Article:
• Slowdive - Everything Is Alive - We can now celebrate that their reunion was not just a fling with one new album (too bad about Lush) – it’s for real, and this album is just a hair behind 2017’s self-titled album. It seems they’re starting to acknowledge Pygmalion (1995) again in that there are more electronic elements. They shifted the balance more towards atmospherics over crafting pop appeal, and it gels beautifully.
Here are a few honorable mentions:
  • Beach House - Become EP - These five songs are outtakes from last year’s Once Twice Melody, and while I often joke/admit that their songs tend to sound the same, I agree that they didn’t fit the album. They’re all fairly good, but they’re a step back in the direction of Thank Your Lucky Stars (2015). As with Once Twice Melody, though, I really miss the full power of Victoria Legrand’s voice. She can still bring it on stage, but why is it absent from the records?
  • Elk City - Undertow - Some parts feel dry and formal, but on half the songs they cut loose and build up some great jams. The weird synth parts and the bits that remind me of Stereolab (often occuring simultaneously) are the highlights. Is it just me or do I see a lot of commentary on social media in the lyrics?
  • Ian Fisher - Ghost Father - A collection of songs written for a production of Hamlet at the Tiroler Landestheater in Innsbruck, mostly featuring just electric guitar and voice. The songs are weighty and reflect a suitable obsession with death. The instrumentation is stark, but the vocals are strong and nuanced. This isn’t a standard album, so to speak, and it was only released via Fanklub.
  • Mitski - The Land Is Inhospitable and So Are We - An abrupt change of pace wherein Mitski goes orchestral and to Nashville. There’s less power and drama but more directness and emotional clarity.
  • Sufjan Stevens - Javelin - Sufjan has a knack for delivering emotional wrecking balls without hitting you over the head with them. Without context, these songs sound like his typical wistful acoustic-synthetic fare, but the resemblance to Carrie & Lowell (2015) is more than just superficial. On the day of the album release, Sufjan dedicated the album to his partner, Evans Richardson, who died in April. Musically, the album doesn’t cover new ground, but the lyrics are personal and piercing. It’s certainly better than The Ascension (2020), which I didn’t get at all. I wish he would sing again with more dynamics instead of this breathy, hushed voice, but he somehow managed to get Pleasure Activism author adrienne maree brown to sing on most of the album, which certainly adds texture and novelty.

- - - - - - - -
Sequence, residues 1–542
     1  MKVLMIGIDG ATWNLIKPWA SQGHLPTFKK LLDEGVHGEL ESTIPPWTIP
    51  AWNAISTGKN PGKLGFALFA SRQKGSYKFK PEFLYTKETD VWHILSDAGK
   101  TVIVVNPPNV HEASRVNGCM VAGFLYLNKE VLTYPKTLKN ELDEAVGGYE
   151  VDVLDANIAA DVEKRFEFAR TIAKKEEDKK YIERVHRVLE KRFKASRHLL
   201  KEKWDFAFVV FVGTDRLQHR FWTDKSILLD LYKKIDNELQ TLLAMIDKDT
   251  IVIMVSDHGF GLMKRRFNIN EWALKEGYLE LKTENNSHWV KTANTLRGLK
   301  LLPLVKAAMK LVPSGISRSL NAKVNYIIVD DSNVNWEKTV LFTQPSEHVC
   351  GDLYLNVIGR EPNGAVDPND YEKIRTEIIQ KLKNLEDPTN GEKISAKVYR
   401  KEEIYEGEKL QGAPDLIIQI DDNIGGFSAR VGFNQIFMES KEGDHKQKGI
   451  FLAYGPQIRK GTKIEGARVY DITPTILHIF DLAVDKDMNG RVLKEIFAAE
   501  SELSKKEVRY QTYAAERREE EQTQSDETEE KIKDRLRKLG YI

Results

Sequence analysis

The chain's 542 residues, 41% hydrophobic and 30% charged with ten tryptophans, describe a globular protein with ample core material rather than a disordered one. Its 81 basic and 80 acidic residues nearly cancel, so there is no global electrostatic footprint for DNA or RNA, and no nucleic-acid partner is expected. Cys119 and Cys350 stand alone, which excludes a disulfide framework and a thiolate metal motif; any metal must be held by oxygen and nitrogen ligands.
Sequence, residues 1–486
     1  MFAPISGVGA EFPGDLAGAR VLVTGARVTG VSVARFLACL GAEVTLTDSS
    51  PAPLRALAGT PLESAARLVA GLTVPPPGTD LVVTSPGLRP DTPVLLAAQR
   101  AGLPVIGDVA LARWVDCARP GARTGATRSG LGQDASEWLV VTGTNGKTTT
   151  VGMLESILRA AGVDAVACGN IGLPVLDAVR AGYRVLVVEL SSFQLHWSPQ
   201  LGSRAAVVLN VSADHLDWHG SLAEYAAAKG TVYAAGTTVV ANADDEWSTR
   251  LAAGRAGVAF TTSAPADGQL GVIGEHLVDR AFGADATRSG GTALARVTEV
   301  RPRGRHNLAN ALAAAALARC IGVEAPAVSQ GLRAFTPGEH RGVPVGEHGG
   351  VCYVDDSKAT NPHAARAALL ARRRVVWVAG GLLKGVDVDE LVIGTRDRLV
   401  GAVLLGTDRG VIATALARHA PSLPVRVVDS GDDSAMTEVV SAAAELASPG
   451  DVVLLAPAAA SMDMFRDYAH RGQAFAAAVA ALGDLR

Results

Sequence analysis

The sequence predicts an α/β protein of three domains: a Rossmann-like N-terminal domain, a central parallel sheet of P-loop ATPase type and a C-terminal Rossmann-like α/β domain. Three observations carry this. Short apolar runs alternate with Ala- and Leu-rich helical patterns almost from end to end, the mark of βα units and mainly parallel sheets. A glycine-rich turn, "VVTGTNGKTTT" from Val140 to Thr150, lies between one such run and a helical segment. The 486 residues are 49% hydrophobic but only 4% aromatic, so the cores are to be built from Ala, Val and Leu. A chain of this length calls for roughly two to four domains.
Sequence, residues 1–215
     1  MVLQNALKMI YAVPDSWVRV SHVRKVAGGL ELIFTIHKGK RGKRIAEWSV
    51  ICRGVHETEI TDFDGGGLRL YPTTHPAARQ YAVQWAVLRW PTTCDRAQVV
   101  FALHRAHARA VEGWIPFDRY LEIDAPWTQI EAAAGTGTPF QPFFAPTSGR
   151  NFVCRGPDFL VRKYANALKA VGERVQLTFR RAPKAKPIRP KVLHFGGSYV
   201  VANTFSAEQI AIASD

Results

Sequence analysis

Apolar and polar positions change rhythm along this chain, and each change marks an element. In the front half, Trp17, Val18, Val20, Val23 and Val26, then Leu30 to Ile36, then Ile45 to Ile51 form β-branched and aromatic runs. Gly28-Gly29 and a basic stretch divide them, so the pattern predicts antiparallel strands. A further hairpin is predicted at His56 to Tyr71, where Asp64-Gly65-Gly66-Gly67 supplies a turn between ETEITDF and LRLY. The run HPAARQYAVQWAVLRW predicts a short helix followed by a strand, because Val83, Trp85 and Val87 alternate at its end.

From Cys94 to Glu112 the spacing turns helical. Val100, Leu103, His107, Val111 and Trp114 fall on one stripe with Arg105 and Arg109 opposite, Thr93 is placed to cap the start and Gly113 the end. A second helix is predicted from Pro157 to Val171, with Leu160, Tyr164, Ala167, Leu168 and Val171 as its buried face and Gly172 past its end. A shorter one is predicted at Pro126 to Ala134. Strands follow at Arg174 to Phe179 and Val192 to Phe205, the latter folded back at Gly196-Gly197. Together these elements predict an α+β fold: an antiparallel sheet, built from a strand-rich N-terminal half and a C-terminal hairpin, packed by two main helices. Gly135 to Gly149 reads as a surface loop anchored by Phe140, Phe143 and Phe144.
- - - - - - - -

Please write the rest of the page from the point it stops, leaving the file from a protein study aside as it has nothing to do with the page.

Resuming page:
• The Veldt - Illuminated 1989 - This is their original debut album, produced by Robin Guthrie of Cocteau Twins. How was this shelved!? It’s not quite as heavy as Afrodisiac (1994), and maybe the guitars are a little too indebted to the Cocteaus, but is that really a complaint? This would’ve been a shoegaze classic, and maybe it will be yet.
And here a few other 2023 releases that I have opinions about:
  • Belle & Sebastian - Late Developers - I know that these songs are supposedly more than just outtakes from A Bit of Previous (2022), but that’s what they sound like. That album was fine, but this album has all the same faults and just about nothing else. Their steady march into clichéd dance-pop is completely boring. Even Murdoch’s lyrics are getting stale.
  • John Cale - Mercy - As weird as ever, but this time with notable collaborators on almost every track. It kind of works, but also sounds really formless and directionless. It’s too similar to his other latter-day work and I’m finding myself less and less excited by his bizarre stylistic mashups.
  • Love & Rockets - My Dark Twin - This double-disc companion piece to Sweet F.A. (1996) is broadly split into three sources: early and alternate versions of album tracks (all inferior and superfluous), extended jams (good vibes but absurdly overlong; I’m amazed that two of them were actually released back in the day on the Glittering Darkness EP (1995)), and actual outtakes (mildly enjoyable). Ash’s outtake songs could’ve easily fit on the album, but J’s are an entirely different style, much more similar to his solo album Urban Urbane (1992). I get why they didn’t make the cut – they don’t fit the mid-90s alternative guitar groove – but I like most of his usual socio-political commentary anyway. And hearing the band jam with Genesis P-Orridge is honestly pretty cool.
  • Wilco - Cousin - Mostly notable for being coproduced by Cate Le Bon. (A woman! Gasp!) She did seem to bring out an exploratory, experimental approach to sound design, but the songs themselves are a bit too drab and plodding, much like the run of albums before last year’s Cruel Country. “Evicted” is the only song with enough of a melody and pop sensibility to stand out above the crowd.